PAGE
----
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Featured Article: “Trump, in Taped Call, Pressured Georgia Official to ‘Find’ Votes to Overturn Election” by Michael D. Shear and Stephanie Saul
The results of the 2020 election are expected to be certified by Congress during a session on Wednesday, recognizing Joseph R. Biden Jr. as the next president of the United States. But in a taped call that was published online by The Washington Post on Sunday, President Trump was recorded pressuring Georgia’s Republican secretary of state to “find” him enough votes to overturn the presidential election results in the state.
“The effort to cajole and bully elected officials in his own party — which some legal experts said could be prosecuted under Georgia law — was a remarkable act by a defeated president to crash through legal and ethical boundaries as he seeks to remain in power,” Michael D. Shear and Stephanie Saul write in the featured article.
In this lesson, you will learn more about why this phone call is making headlines and what it means for the country. Then we invite you to weigh in with your thoughts about whether Mr. Trump crossed any legal or ethical boundaries — and what consequences he should face if he did.
Listen to excerpts from the phone call between President Trump and Georgia’s secretary of state, Brad Raffensperger, the state’s top elections official, in the audio recording below. You can follow along in this transcript (PDF).
As you listen, highlight, underline or take notes on the transcript about what you notice and wonder about the conversation. Which lines stand out to you? What questions do you have?
If you’re in a classroom context, share at least one thing you noticed and one thing you wondered with the class or a partner.
Questions for Writing and Discussion
Read the article, then answer the following questions:
1. Why is this call between President Trump and Georgia’s secretary of state, Brad Raffensperger, making headlines? What is newsworthy about it?
2. Why do some believe that Mr. Trump’s effort to cajole and bully elected officials in his own party constitutes an abuse of presidential power?
3. In what ways might Mr. Trump’s efforts have violated Georgia state and federal laws, according to legal experts?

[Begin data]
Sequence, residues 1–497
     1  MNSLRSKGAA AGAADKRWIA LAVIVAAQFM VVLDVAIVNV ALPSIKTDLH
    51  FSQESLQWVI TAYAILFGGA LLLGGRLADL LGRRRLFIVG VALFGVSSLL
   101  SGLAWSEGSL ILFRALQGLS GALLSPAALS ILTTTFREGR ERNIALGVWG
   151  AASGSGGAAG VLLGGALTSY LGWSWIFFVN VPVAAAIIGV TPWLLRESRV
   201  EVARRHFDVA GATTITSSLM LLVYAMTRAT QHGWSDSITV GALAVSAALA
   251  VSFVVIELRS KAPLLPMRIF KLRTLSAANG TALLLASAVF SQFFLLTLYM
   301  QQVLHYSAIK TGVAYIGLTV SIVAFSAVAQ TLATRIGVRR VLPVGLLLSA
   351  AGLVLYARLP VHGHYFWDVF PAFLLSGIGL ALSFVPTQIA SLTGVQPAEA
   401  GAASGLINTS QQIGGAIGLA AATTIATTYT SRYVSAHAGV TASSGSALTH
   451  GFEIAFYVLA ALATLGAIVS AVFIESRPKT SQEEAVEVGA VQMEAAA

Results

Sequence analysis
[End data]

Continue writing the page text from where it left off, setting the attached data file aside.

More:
4. In the call, Mr. Raffensperger tells Mr. Trump that “the data you have is wrong.” Cite at least two pieces of misinformation that Mr. Trump uses to back up his assertion that voter fraud occurred in the Georgia election. How does Mr. Raffensperger respond to these claims?
5. Mr. Trump has made repeated efforts to challenge the results of the election. What attempts has he made? What has been the result of those efforts?
6. The article concludes with several statements Mr. Trump made during the call. What do these statements tell us about Mr. Trump and his thought process related to the election? What point do you think the authors were trying to make by ending the article this way?
Option 1: Weigh in: Did President Trump break the law?
Now that you know more about the context and content of the phone call between Mr. Trump and Mr. Raffensperger, decide for yourself whether what he did constitutes an ethical or legal breach.
Based on what you read in the law and what you heard in the call, do you think Mr. Trump did anything illegal? What evidence supports your opinion?
Regardless of whether you think Mr. Trump broke the law, do you think he acted unethically in this situation? Why or why not?
If you think Mr. Trump did cross legal or ethical lines, what consequences, if any, should he face? Impeachment? Prosecution? Something else?
Option 2: Explore the meaning of the peaceful transfer of power in a democracy.
With Congress’s expected certification of the election results on Wednesday and just 16 days left in Mr. Trump’s administration, why does this phone call matter — if at all? What does it mean for the United States?